At the State Theatre: Tully opens from the writer/director team of Diablo Cody and Jason Reitman (Juno, Young Adult), and starring Charlize Theron. Theron plays Marlo, a mother of three who is gifted a night nanny by her brother. Though hesitant to the extravagance at first, Marlo comes to form a unique bond with the thoughtful, surprising and sometimes challenging young nanny named Tully. Also starring Mackenzie Davis Mark Duplass, and Ron Livingston.
At the Michigan Theater: Itzhak is a documentary that looks at the life, work and religious heritage of violinist Itzhak Perlman. From Schubert to Strauss, Bach to Brahms, Mozart to…Billy Joel, Perlman’s violin playing transcends mere performance to evoke the celebrations and struggles of real life. As charming and entrancing as the famous violinist himself, Itzhak is a portrait of musical virtuosity seamlessly enclosed in warmth, humor, and above all, love.
Back to Burgundy follows three siblings that reunite at their home in picturesque Burgundy to save the family vineyard in this tender tale of a new generation finding its own unique blend, from acclaimed director Cédric Klapisch (L’Auberge Espagnole).
And opening early on Thursday, May 10 RBG is a new documentary and intimate portrait of an unlikely rock star: Justice Ruth Bader Ginsburg. With unprecedented access, the filmmakers explore how her early legal battles changed the world for women.
SPECIAL SCREENINGS DOWNTOWN
Playing tomorrow, Friday, May 4 at 6:30 PM, The Son of Bigfoot is an animated family-comedy about a teenage outsider who sets out on an epic and daring quest to uncover the mystery behind his long-lost dad, only to find out that he is none other than the legendary Bigfoot!
And next Tuesday, May 8 at 7:00 PM, One October was filmed in October 2008 on the eve of Obama’s historic election and follows WFMU radio reporter Clay Pigeon as he takes to the streets to talk to fellow New Yorkers about their lives, their dreams, and their relationship with a transforming city. As part of what he calls a “radio experiment,” this transplanted Iowan roams the streets bearing a handheld recorder and a kindly probing nature: “Has he popped the question?” “When is the last time you’ve had a regular roof over your head?” “Do you love America?” These revealing interviews are woven between vivid scenes of New York’s eccentric byways, which together reveal a city-and a nation-at a crossroads.
At the State Theatre, You Were Never Really Here, from Writer/Director Lynne Ramsay (We Need to Talk about Kevin), stars Joaquin Phoenix as a traumatized veteran, unafraid of violence, who tracks down missing girls for a living. But when a job spins out of control, Joe’s nightmares overtake him as a conspiracy is uncovered leading to what may be his death trip or his awakening.
Isle of Dogs, from Wes Anderson, follows a group of canine pets who have been exiled to a vast garbage-dump called Trash Island. When a 12-year-old boy sets off alone in search of his bodyguard-dog, Spots, the group of dogs travel the island with him in search, featuring a voice of Bryan Cranston, Greta Gerwig, Edward Norton, Bill Murray, Scarlett Johansson, Jeff Goldblum, and more.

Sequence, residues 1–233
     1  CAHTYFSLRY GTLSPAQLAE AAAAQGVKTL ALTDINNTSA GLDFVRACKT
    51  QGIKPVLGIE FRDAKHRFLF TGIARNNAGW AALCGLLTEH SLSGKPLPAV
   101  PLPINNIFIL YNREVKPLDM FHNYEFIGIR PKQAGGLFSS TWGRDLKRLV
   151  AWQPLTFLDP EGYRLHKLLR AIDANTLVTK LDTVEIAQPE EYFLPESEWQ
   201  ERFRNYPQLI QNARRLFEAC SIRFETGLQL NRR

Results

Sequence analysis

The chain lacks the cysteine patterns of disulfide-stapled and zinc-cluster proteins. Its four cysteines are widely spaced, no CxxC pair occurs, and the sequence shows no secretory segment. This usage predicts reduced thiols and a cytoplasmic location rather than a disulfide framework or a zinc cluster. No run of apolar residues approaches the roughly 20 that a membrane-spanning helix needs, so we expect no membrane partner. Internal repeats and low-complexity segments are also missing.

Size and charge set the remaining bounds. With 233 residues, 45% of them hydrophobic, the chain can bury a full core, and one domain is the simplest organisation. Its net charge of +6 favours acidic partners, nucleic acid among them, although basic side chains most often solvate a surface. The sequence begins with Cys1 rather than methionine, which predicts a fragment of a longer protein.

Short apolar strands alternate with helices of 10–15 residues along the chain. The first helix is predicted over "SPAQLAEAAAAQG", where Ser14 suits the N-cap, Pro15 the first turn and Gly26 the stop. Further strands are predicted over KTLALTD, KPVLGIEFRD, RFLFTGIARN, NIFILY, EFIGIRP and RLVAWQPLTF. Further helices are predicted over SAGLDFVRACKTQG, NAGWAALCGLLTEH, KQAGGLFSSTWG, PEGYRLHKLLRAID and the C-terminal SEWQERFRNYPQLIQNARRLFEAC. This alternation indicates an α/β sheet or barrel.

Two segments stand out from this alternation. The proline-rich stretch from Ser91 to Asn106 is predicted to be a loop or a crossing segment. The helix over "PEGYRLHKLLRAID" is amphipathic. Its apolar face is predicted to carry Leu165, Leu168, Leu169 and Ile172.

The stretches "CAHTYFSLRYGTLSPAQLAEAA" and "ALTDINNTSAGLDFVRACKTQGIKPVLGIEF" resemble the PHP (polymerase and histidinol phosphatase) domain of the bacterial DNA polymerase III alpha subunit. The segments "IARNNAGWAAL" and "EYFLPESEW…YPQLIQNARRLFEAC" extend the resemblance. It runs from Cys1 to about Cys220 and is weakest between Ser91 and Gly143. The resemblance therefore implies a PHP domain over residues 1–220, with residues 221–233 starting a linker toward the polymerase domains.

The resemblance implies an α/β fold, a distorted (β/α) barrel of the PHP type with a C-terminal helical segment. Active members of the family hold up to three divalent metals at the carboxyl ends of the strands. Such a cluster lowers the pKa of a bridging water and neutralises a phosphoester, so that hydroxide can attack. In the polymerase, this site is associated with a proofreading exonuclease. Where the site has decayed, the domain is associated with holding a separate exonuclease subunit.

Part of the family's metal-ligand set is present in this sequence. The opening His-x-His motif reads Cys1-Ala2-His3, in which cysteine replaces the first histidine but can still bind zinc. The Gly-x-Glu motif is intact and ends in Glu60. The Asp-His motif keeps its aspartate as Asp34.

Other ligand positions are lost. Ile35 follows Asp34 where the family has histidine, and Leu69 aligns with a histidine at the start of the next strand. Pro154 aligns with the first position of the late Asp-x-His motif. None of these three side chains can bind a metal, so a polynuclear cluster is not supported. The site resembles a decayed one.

And The Death of Stalin, the latest comedic satire from Armando Iannucci, continues for another week, which depicts the chaos that fell on the Soviet regime after the death of their powerful leader.
At the Michigan Theater: Final Portrait, from Writer/Director Stanley Tucci and starring Armie Hammer and Geoffrey Rush, tells the story of the touching and offbeat friendship between American writer and art-lover James Lord and Alberto Giacometti, as seen through Lord’s eyes and revealing unique insight into the beauty, frustration, profundity and sometimes the chaos of the artistic process.
From Director Andrew Haigh (Weekend, 45 Years) Lean on Pete stars Charlie Plummer as a teen living with his single father, who finds work caring for an aging racehorse named Lean On Pete. When he learns Pete is bound for slaughter, the two embark on an odyssey across the new American frontier in search of a place to call home. Also starring Steve Buscemi, Chloë Sevigny, and Steve Zahn.
And from Executive Producers Will Ferrell and Adam McKay, Oh Lucy! stars John Hartnett and Shinobu Terajima as a single 55-year-old woman in Tokyo who is given a blonde wig and a new identity by her young, unconventional English teacher. The experiment awakens hidden desires, but when her instructor suddenly quits and disappears, she enlists the help of her sister and the pair fly halfway across the world to the outskirts of Southern California to find him.
OPENING AT THE MULTIPLEX
Overboard starring Anna Faris and Eugenio Derbez, is a gender swapped remake of the 1987 film of the same name. In the film, a spoiled playboy from a wealthy Mexican family (Derbez) winds up with amnesia after falling off his yacht, and a single, working-class mom (Ferris) convinces him that they are married.
And Bad Samaritan starring, David Tennant and Robert Sheehan, follows a poor restaurant valet (Sheehan), who uses the cars entrusted to him by the restaurant clientele to break into their homes. But one night, he finds more than he bargained when he breaks into one house, only to discover a woman named Katie imprisoned there. Frightened of going to jail, he abandons her and calls the police, only to find himself in a game of cat-and-mouse with the psychotic home owner (Tennant).
That’s all for this week. See you at the movies!